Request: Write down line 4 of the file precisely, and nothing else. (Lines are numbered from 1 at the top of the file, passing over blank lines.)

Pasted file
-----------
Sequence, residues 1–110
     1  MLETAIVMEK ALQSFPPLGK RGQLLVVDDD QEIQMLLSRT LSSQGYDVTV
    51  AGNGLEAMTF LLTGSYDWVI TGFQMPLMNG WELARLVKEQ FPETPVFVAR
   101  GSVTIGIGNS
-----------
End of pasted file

   101  GSVTIGIGNS